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Agar is great. But is it right for you?

Updated: Aug 20, 2021

Maybe you’ve recently developed an interest in growing your own mushrooms. You’ve done a little bit of research online, joined a few Facebook groups, or watched some YouTube videos. And everyone seems to tell you to “Learn agar.”

Learning to use agar can be a wonderful joy. If done correctly, it can introduce people to a new world of fungi, increase yields, produce new strains, create stronger strains, and much more.

But is it right for a beginner?

Here are five things to consider before you "learn agar."

1. Agar start-up costs can be high

If you want to learn agar correctly, you’re going to have to pay up for a sterile work environment. The absolute best way to ensure you’ve got completely sterility is to purchase a laminar flow hood. The cost for this piece can run anywhere from a few hundred bucks to $1,000!

This laminar flow hood for agar. This piece cost $600.

The next piece you’re going to need is an autoclave or a pressure cooker. These can cost anywhere between a couple hundred to another $1,000. These machines help ensure all your tools and your agar are 100% sterilized.

Then you’re going to need all the agar equipment:

You probably also will need a mini-fridge! A lot of folk put their inoculated agar plates in the fridge to keep their cultures in long-term storage. A separate fridge from your kitchen is ideal.

Oh, and specialized air filters for your vents wouldn’t hurt too if you’ve got central air.

Yeah, you can do it on the cheap but when it comes to agar the less you pay, the more you risk.

Think about your startup costs before you start using agar!

2. Agar can require a large amount of your time

You’ll have to dedicate a lot of time learning how to put everything together. There are not a whole lot of easy-to-follow guides when it comes to agar. Expect to spend a lot of time reading books, watching videos, asking a lot of questions on internet forums.

Also, expect to make a lot of mistakes. It’s okay. It happens to everyone. It’s part of the process! Just keep in mind that learning agar won’t take days. It’ll take weeks and months to perfect.

Here are couple books that will really help you learn agar:

  1. Growing Gourmet and Medicinal Mushrooms

  2. The Mushroom Cultivator: A Practical Guide to Growing Mushrooms at Home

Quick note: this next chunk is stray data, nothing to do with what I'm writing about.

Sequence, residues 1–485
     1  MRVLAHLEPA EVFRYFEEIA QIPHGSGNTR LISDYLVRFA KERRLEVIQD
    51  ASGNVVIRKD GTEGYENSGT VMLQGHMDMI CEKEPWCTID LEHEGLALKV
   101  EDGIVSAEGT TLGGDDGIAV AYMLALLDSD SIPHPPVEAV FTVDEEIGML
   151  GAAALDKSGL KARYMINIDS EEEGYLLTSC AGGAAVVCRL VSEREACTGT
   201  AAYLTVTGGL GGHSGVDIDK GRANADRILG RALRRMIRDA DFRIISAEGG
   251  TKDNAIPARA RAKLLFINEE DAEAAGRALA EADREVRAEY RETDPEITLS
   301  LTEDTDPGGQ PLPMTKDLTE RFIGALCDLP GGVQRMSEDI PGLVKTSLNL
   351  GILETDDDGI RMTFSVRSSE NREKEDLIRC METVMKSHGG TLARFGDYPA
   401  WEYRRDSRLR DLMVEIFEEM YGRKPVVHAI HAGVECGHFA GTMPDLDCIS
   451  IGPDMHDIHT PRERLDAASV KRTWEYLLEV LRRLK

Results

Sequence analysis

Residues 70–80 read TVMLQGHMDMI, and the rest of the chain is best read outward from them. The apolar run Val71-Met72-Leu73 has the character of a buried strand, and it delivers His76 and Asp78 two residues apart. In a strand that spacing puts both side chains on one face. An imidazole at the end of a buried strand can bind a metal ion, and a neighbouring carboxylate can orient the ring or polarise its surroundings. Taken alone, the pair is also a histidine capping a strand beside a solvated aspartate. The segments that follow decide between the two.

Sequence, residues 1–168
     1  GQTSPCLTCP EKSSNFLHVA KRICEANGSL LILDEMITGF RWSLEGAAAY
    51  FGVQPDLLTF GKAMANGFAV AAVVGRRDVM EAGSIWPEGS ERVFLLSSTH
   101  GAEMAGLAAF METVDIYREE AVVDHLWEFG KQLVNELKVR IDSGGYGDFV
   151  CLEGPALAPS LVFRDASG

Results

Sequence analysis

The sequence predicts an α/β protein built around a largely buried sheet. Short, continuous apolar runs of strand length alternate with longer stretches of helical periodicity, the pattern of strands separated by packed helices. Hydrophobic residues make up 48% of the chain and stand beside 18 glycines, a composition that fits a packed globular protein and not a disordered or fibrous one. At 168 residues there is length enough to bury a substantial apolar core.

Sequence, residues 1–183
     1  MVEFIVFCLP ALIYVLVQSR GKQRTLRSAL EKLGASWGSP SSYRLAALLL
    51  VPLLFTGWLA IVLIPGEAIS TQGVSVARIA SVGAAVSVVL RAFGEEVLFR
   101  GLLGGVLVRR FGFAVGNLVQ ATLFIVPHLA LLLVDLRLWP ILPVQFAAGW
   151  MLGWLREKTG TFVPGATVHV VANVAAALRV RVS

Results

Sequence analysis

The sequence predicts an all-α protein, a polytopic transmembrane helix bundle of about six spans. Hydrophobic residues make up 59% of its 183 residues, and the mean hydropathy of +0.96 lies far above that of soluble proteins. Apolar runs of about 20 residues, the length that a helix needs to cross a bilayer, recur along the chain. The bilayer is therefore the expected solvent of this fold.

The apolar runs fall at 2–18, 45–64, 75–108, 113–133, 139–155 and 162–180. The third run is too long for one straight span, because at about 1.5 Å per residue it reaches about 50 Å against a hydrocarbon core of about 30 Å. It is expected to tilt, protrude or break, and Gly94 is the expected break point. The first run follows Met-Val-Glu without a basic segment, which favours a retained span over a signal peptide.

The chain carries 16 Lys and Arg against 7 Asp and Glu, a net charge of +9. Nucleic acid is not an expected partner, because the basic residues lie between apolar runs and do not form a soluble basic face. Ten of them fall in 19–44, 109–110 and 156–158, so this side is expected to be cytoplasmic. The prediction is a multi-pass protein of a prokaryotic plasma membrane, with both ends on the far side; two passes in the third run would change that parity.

"Practical" does have a lot of different meanings for different folks BUT the Mushroom Cultivator is a great book.

Expect to spend a lot of time learning about agar without actually USING agar.

3. Agar is tedious

Listen, I love working with agar, but it is TEDIOUS. Ask anyone who works in a lab setting and specifically with agar, and they will tell you how cool it is.

But they will also tell you how extremely tedious it can be. They must follow strict protocols to ensure that their work remains sterile. This includes developing and adhering to strict processes and procedures.

If there’s a lapse in protocol, you risk losing your work to contamination.

Also, if you haven't seen the Facebook group Cultivating Mushroom Contaminants, most of the contamination happens on agar!

This is how complicated learning agar is.
Aint no one got time for this!

4. Agar requires dedicated space

Maybe this is where you really should have started: finding a dedicated space. A lot of folk don’t have extra space just lying around their homes. If you do, cool! But if you don’t and you want to learn agar, then you’re going to have to make the space.

The space will essentially be a lab space. It should be separate from the rest of your living quarters and if you’re growing mushrooms, it definitely should be separate from those spaces as well.

5. Agar is not necessary

Lastly, learning agar just isn’t necessary if you want to grow a little bit of mushrooms. For hundreds of thousands, if not millions, of people first grew mushrooms using the “Brown Rice Flour tek”. This 2-step strategy says 1) mix spores with brown rice and then 2) fruit the brown rice in a container. It works. It’s not the best but it does work.

More and more people are learning that they use the MiniTub method.

Step 1: Mix spores with sterilized oats

Step 2: Mix oats with soil and

Step 3: Move grow container into sunlight.

The MiniTub method is a little more work than the Brown Rice Flour tek, a lot less costly than learning agar, and still grows a ton of mushrooms.

Mushrooms growing without agar.
Grown using the MiniTub Method: Spores to grain, grain to soil, and then fruiting.


If you have the money, time, patience, dedication, and physical space to learn agar. You should totally go for it! It’s fun!

Agar is so much fun! But it's not necessary to grow mushrooms
Tiny mushrooms growing on agar

But, if you’re just starting out and just want to grow some mushrooms and see the process unfold, you don’t have to learn agar.

Some people will say, agar is an absolute must. But a ton of people have used strategies such as the “brown rice flour tek” and the MiniTub method. Both of these strategies start with spores and work just fine for people who just want to grow a personal supply of mushrooms.

But, if you’re ready to really get serious about learning everything there is to know about growing mushrooms in a lab, have the patience and resources to do so, you should do it.

Otherwise, think about getting a MiniTub. It'll save you time, money, and get you growing quickly!

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